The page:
Boynton Beach High School’s fledgling aerospace academy is spreading its wings, with plans for a multimillion-dollar project at a nearby airport that will train students for high-paying jobs fixing aircraft.
What’s more, the plan for a new $2 million facility at the Palm Beach County Park Airport in Lantana would also attract adult night-school students who themselves are seeking better jobs and pay for their classes. This, Palm Beach County School District officials hope, will help pay the costs for students such as Nicholas Powell.
“The things I could do with … this are exactly what I want to be doing,” said Powell, 17, a junior who rides a bus more than an hour each way from Royal Palm Beach to attend the Boynton Aerospace Science Academy.
The program hopes to receive federal approval by the end of the school year to offer graduating students the “air frame” maintenance industry certification needed to be an aircraft-body mechanic, said Paul Hershorin, the magnet program’s director.
Hershorin, who is also an assistant professor at Daytona Beach-based Embry Riddle Aeronautical University, said the nonprofit foundation that supports the aerospace academy — the BASA Aeronautical School Inc. — is completing the deal on the Lantana airport facility.
The facility, which likely won’t be open for at least two years, will be used to teach students how to repair jet engines and give graduates the “power plant” certification needed to be aircraft-engine mechanics.
Hershorin said the academy’s air-frame and engine-maintenance programs will be bolstered by opening them to adults for classes in the evenings — and possibly during the day — to earn their aircraft mechanic certifications.
He did not know how much adults would be charged, but said costs at aerospace colleges in Florida that offer mechanics classes range from $15,000 to $30,000 for certification programs. Boynton Beach High’s adult classes would probably be at the lower end of that range, he said.
Randy Lanier, a 2011 aerospace academy graduate who grew up near the Lantana airport, said after high school he racked up $42,000 in student loans getting his jet-engine mechanic certification at Embry Riddle Aeronautical’s Daytona Beach campus. Embry-Riddle is the school district’s partner in the aerospace academy.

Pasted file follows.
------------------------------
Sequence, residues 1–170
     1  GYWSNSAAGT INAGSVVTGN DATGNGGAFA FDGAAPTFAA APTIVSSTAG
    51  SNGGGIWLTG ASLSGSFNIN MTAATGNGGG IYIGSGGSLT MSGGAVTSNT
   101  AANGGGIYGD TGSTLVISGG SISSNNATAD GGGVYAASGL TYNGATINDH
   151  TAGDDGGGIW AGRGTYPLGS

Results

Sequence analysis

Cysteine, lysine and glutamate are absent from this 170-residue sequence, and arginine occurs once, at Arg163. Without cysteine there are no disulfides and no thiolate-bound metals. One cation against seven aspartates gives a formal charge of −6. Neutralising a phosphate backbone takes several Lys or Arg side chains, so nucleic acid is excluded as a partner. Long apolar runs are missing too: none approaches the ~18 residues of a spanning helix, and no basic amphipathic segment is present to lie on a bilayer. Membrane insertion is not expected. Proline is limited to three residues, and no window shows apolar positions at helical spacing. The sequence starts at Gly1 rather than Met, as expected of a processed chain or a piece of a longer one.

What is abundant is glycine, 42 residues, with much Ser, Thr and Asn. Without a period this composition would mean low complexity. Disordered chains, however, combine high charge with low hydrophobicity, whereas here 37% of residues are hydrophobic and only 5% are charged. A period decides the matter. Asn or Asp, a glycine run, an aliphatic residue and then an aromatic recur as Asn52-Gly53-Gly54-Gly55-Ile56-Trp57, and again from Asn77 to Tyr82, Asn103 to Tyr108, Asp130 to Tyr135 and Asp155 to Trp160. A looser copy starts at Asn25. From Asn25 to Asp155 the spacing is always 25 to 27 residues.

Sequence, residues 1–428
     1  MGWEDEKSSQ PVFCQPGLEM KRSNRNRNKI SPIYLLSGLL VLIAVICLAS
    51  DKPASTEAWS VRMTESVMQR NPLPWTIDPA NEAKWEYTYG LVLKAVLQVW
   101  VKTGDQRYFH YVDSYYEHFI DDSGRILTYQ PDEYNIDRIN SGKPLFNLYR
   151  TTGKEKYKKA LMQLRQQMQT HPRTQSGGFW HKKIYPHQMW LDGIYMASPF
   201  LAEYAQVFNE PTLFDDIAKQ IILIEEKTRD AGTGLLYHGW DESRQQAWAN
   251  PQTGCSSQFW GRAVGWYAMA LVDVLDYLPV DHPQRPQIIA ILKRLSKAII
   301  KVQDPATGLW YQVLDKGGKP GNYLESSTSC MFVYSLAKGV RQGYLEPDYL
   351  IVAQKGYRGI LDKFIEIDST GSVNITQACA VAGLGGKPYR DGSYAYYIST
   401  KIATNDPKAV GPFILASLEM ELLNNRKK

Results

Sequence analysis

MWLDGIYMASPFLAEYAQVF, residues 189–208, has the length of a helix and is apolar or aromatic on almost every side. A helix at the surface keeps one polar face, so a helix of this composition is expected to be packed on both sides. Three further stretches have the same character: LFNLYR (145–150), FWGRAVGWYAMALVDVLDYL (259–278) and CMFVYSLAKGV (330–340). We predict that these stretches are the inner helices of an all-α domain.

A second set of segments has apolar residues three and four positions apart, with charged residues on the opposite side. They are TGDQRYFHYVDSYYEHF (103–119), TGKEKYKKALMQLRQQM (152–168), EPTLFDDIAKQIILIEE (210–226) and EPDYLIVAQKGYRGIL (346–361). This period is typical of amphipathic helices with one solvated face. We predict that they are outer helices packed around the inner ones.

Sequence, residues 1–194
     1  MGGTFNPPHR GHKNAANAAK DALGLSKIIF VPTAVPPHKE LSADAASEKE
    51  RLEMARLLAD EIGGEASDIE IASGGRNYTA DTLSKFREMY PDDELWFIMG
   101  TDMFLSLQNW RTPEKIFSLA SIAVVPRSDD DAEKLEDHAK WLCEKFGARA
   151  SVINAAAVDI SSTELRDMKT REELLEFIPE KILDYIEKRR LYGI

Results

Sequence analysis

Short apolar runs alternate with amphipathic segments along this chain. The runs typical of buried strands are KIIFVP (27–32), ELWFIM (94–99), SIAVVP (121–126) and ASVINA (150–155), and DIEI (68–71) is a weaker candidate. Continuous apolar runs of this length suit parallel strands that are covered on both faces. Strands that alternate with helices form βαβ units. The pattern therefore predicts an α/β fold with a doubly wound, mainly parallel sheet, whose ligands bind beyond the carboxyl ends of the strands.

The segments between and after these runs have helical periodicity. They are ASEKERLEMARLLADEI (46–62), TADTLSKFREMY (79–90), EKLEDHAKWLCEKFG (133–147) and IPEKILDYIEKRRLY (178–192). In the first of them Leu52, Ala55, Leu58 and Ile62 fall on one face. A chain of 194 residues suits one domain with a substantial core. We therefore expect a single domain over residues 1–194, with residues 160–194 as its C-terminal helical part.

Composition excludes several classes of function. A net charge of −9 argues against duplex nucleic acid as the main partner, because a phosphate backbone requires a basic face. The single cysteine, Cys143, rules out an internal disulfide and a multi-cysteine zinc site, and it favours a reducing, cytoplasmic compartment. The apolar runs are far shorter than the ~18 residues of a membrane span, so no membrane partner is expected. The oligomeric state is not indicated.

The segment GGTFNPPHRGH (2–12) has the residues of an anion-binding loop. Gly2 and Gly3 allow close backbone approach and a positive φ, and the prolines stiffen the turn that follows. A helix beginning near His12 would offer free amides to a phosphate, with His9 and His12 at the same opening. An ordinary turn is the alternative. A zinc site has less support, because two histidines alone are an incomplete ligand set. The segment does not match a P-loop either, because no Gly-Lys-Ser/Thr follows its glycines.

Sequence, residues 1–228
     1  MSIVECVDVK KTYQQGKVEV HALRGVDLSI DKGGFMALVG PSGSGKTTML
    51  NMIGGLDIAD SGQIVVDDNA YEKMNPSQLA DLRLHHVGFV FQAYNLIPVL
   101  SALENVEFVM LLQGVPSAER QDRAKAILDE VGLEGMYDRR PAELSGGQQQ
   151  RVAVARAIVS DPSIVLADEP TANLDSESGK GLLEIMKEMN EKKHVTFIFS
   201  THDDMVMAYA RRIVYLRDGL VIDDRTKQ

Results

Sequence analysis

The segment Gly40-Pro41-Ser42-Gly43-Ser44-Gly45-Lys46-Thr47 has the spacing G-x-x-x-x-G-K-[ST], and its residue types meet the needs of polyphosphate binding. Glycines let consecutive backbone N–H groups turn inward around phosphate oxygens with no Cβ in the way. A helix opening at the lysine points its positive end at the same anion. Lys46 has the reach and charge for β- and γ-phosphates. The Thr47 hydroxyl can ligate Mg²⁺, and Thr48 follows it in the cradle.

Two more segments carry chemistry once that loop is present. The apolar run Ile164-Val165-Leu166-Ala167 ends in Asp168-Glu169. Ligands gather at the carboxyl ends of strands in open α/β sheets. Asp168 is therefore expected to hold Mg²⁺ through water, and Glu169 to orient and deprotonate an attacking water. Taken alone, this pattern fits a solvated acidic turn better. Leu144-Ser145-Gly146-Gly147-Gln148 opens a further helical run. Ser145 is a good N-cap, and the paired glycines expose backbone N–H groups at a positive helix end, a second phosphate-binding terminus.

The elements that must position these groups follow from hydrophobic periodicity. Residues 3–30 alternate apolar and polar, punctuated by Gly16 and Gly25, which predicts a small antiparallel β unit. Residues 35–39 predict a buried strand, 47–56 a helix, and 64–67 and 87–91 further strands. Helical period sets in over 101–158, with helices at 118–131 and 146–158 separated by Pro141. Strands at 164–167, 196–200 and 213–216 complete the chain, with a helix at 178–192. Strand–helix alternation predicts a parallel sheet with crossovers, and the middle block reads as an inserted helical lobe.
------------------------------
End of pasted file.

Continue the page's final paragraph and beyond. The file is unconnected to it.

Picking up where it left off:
“That would have been great if they had that when I was there, because it would have been a lot cheaper,” said Lanier, who makes $16 an hour working for a Jacksonville company that fixes plane engines for Delta Airlines and FedEx Corp.
Some career academies allow graduates to continue through adult education in programs such as internships, said Pete Licata, the district’s choice and career options director. But the aerospace academy would be the county’s first high school magnet that allows adults to pay to take the same classes at night and get the same industry certification earned by the high-school students.
The academy, which started in 2007 with 23 students, now has 147 with 27 graduating seniors, Hershorin said.
The fees paid by adults to take night classes hopefully will be enough to help pay the district’s costs to provide the academy to the teens during the day and eventually make both programs self-sufficient, said Karen Whetsell, Boynton Beach High’s principal.
The engine maintenance program at the Lantana airport will come too late for students such as Stephanie Davis. But the 17-year-old graduating senior plans to attend Palm Beach State College and return to take the engine-maintenance classes as an adult student.
“I originally hated flying and didn’t want a single thing to do with planes,” Davis said. “But I enjoy the mechanics, and I’ve always enjoyed taking stuff apart and putting it back together.”